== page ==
The thousands of hours spent by Gilbane, the construction manager, the architects, engineers and security designers was impressive in order to open a facility with a smooth transition process.
“Many owners and even construction managers underestimate the amount of due diligence required for functional code review of systems and equipment,” says Jerry “Dutch” Forstater, CEO and chief engineer PSE. “The review of a complicated, massive structure such as Saint Elizabeth’s must account for HVAC control, fire alarm messaging, fire alarm zoning, horizontal exiting and smoke partition conformance, mass evacuation procedures and shelter-in-place compliance. All hospitals, small and large, need an effective program to manage critical events to provide a safe emergency management program.”
Training and Acceptance of New Technologies
With upwards of 1,000 people on site during active community periods and more than 600 occupants 24hours a day, the facility sees 30 years of wear-and-tear in 10 years time compared to an average building. With this compression of life cycle comes substantial cost to maintain the systems to provide the utmost in reliability and patient control.
There are critical aspects to appropriate transitioning of new security technologies with staff that were transfixed with technologies dating to the 1960s that looked more like a group of old submarine turrets — with little information compared to what appears today in modern security control centers.
The elements of transition included commissioning of security and fire alarm systems to provide as close to 100-percent accuracy, reliability and functionality as possible. With this came the production of the security policies, procedures and post orders along with security training during two weeks of highly intensive shift training. Asrecords were provided in CAD format to be able to drill down and magnify site elements and equipment through a Help Desk, or Knowledge Center, as Gilbane Company calls it. PSE and Gilbane worked with our staff to provide these staffsensitive transition services over the course of 18 months.
Leveraging Advanced Technology
Here are some of the advantages of innovating behavioral health by incorporating maximum security and life safety management:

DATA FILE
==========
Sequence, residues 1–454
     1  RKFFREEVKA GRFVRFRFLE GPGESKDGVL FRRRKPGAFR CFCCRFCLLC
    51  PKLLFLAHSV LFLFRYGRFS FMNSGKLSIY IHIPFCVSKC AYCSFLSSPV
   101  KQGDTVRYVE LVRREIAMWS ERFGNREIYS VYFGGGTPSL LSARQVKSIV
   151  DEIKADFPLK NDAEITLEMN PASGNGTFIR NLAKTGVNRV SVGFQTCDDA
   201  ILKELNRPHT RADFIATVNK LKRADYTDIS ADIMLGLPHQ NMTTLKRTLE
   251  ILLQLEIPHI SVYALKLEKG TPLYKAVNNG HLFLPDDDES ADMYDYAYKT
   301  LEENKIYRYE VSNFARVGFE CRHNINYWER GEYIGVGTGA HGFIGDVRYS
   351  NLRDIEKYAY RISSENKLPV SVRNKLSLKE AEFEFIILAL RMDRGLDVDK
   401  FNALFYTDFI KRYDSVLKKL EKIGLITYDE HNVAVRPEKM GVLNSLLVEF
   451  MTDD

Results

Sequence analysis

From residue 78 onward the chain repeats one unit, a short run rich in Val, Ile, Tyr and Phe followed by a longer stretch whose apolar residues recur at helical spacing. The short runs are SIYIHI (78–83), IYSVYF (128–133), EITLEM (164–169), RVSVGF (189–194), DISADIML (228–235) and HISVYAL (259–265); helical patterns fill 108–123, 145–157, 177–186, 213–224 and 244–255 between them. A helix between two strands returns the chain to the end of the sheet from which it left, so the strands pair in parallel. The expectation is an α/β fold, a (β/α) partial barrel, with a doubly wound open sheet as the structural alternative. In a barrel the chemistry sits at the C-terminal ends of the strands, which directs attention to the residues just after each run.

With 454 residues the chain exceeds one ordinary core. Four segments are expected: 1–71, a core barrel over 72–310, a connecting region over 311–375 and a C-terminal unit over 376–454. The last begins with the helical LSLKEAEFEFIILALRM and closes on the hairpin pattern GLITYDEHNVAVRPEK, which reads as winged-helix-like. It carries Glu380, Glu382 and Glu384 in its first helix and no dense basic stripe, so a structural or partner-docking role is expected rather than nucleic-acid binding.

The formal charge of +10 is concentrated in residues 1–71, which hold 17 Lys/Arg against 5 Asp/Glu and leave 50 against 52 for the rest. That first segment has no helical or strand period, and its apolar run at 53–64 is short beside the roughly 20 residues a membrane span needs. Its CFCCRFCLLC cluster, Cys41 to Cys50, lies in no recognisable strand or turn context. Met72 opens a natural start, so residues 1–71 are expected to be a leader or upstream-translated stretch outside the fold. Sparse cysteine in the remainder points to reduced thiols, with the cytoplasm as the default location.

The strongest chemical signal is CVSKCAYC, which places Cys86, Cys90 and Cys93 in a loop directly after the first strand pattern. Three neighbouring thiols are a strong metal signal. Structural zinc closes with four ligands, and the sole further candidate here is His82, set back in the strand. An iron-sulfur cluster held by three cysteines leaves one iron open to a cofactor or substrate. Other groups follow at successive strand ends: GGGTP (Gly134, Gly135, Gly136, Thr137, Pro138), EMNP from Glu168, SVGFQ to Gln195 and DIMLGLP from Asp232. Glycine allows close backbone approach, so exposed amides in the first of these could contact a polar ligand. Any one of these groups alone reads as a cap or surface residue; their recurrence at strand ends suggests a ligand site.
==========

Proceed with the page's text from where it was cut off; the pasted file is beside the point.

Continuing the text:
• Multiple zoned security levels with contiguous life safety protection for mass evacuation and shelter-in-place.
• Clear and concise reporting, recording and response.
• Systems integration based on each system being independent from the access control and monitoring system to increase reliability in unexpected events.
• Improved patient care, staff safety and community/consumer involvement.
• Facilitation of mental health management to the community-at-large in the event of a natural disaster or terrorist action.
Return on Investment
For every opportunity, there is a cost. The opportunity was to provide an infrastructure and facility that replaced buildings that were from mid-20th century and even postCivil War structures while incorporating new behavioral strategies. The return on investment probably cannot be measured against any strict rule based on its technology cost or other hard physical security or life safety cost. In fact, most facilities’ operational costs far outweigh the traditional “bricks and sticks” values placed on buildings.
Because the return on investment is both relative and easily justifiable, a percentage cost of approximately 9 percent of the project’s value for the physical security, electronic security, fire alarm and installation cost does not seem unreasonable. In this case, the hard costs for facility were $165million with a system materials and installation cost approaching $15 million.
Saint Elizabeth’s and the Department of Mental Health’s management is ecstatic with the results of almost six years of planning, design and construction of an innovative facility. This is reflected in the unprecedented number of requests for tours to mark its success.